Overweight children who present to the emergency room (ER) with an asthma attack are more likely to be admitted to the hospital than children of normal weight.
Researchers at Connecticut Children's Hospital in Hartford reported that this was the first study to examine the relationship between pediatric patients with asthma who are overweight and hospital admission during asthma exacerbations. The findings were based on a review of all children over 2 years of age seen at the hospital's ER for an asthma flare-up in 2005. Only children who had no other chronic medical conditions were included in the study. Overweight in these children was defined as being in the 95th or higher percentile of weight-for-age. The results were published in the October 2007 issue of Pediatrics.
On average, 813 children made 884 ER visits for asthma attacks during the study period; of these visits, 27% resulted in a hospital admission, including 4% to the intensive care unit. Of all the ER visits made for asthma attacks, 77% involved a child of normal weight, and 23% an overweight child.
No major differences in asthma severity or in the treatment received in the ER were noted between the overweight and normal-weight children; 34% of the overweight patients with asthma were admitted, however, compared with 25% of the normal-weight children. The researchers concluded that "overweight children with asthma have significant health-related consequences as a result of their being overweight."
More information on the effects of maternal asthma on breast-feeding infants has come from Maastricht University in the Netherlands, where a study was conducted that found the longer a mother nurses her infant, the lower the risk of the child developing eczema. This risk increases, however, if the mother has asthma or allergies. The findings were published in the October 2007 issue of the Journal of Pediatrics.
Researchers analyzed data from the 2705 infants enrolled in the Birth Cohort Study. Questionnaires had been given to the mothers after 34 weeks of pregnancy, and at 3, 7, 12, and 24 months after birth, asking about breast-feeding, allergy manifestations, and other information. Blood samples were taken during home visits between 34 and 36 weeks of treatment.
Of all the infants studied, 2287 were breast-fed. A correlation was found between a longer duration of breast-feeding and a lower risk of eczema in infants of mothers without allergies or asthma; there was no such association for mothers with asthma, however.
A study of genealogy records linked with death certificates in Utah suggests that the risk of dying from an asthma attack is hereditary.
Researchers at the University of Utah in Salt Lake City identified 1553 asthma-related deaths in a registry of all deaths in the state since 1904, and found that the risk of dying from asthma increased by 69% for first-degree relatives (children, full siblings) of individuals who died from asthma, compared with patients who died from asthma and had no family history of asthma deaths. This asthma death risk was higher by 34% for second-degree relatives (grandchildren, nephews, nieces, and half-siblings) and higher by 15% among third-degree relatives (greatgrandchildren, great-nieces, great-nephews, and first cousins).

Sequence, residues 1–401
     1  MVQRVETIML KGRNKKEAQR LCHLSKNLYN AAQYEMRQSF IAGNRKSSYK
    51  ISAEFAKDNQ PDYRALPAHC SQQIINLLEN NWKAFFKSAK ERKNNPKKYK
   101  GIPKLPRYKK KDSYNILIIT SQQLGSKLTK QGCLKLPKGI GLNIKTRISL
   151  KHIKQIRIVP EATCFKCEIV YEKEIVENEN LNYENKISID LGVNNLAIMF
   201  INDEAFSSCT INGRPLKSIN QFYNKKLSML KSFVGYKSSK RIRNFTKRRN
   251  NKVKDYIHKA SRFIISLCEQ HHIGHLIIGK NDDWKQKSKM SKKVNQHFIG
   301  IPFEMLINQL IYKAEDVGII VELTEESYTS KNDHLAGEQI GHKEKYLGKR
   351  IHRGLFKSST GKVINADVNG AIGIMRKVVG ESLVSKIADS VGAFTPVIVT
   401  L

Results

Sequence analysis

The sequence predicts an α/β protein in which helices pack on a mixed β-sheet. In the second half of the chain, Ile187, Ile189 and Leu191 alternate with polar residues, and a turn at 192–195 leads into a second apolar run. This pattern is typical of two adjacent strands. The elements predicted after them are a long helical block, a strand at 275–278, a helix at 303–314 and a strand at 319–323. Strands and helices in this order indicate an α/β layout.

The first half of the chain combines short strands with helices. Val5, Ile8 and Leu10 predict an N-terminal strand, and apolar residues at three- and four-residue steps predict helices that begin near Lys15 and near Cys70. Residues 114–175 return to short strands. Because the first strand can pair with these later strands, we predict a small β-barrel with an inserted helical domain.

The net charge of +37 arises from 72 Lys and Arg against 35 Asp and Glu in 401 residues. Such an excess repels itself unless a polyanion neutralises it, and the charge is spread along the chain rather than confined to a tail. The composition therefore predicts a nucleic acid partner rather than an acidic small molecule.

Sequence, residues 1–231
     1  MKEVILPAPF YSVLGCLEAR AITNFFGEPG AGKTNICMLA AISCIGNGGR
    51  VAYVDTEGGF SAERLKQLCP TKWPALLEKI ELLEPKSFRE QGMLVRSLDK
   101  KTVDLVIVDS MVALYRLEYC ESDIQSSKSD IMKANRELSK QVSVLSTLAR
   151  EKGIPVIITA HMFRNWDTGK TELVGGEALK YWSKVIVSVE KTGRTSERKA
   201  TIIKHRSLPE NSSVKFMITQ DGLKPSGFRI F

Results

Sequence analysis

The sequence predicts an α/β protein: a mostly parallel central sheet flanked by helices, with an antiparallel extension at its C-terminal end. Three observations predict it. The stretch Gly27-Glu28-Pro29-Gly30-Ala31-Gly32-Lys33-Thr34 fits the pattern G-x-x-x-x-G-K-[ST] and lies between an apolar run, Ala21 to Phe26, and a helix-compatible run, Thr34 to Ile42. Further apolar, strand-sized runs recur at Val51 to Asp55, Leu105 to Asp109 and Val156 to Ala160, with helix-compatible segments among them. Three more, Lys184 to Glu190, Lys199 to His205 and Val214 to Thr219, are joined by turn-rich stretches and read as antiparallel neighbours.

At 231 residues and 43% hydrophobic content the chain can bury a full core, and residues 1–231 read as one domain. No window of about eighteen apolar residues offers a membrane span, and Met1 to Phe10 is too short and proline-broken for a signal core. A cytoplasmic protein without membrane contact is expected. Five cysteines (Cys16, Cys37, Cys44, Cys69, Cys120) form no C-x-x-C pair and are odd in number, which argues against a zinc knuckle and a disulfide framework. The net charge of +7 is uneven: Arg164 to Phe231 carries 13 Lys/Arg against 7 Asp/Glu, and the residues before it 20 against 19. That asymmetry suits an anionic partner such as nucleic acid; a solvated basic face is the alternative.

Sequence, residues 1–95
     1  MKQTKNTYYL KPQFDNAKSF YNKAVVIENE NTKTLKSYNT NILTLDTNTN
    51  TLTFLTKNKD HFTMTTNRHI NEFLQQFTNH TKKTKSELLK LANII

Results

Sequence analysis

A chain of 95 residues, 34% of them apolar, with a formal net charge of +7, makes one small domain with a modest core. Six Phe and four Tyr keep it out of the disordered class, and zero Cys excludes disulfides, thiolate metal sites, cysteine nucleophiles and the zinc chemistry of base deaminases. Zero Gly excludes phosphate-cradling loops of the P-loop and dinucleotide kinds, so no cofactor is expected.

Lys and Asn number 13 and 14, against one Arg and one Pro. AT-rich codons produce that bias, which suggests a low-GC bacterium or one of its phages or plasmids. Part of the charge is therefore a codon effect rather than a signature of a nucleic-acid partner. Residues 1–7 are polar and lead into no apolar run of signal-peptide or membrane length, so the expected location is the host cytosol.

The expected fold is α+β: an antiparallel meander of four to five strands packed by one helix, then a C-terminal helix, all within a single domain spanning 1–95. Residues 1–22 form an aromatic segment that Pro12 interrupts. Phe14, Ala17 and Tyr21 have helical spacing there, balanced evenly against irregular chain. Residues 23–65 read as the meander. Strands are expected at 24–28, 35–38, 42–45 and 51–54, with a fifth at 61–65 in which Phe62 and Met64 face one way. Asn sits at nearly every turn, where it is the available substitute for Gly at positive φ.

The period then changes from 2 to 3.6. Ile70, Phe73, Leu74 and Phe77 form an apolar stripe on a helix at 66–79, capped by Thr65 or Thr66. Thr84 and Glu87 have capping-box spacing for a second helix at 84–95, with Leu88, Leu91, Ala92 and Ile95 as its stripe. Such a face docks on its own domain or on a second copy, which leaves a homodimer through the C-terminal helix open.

The researchers concluded that the results should "provide further incentive for asthma (health care) providers to thoroughly question patients about family history, as it is a risk factor for asthma mortality." The findings were published in the November 2007 issue of American Journal of Respiratory and Critical Care Medicine.
Researchers from Klinikum Offenburg in Germany reported that 1 in 3 patients with asthma are currently using their drypowder inhalers improperly. They also found that the older the patient, and the more severe the lung disease, the less able the patient to use the inhaler correctly.
The overall error rate was 32%, but this rate varied with age; in patients younger than 60 years, the error rate was 20%, whereas the rate for patients older than 60 was 41.6%, and among those older than 80 years, the rate rose to >80%. The findings were recently presented at CHEST 2007, the 73rd scientific assembly of the American College of Chest Physicians.
The error rate also varied with disease severity. Among patients with normal lung function, the rate was 25%, but in those with severe airway obstruction, the rate was 63.6%. Error rates were considerably lower in the patient groups who had received training in the proper use of these inhalers by health care providers and higher in those who had not been trained. The researchers found that one third of patients surveyed had only been referred to the package insert for use instructions. They expressed concern that "caregivers must adopt modern teaching techniques to meet the educational requirements of their patients."
F A S T F A C T : Individuals who live with asthma patients are 3 times more likely to also be diagnosed with the disease.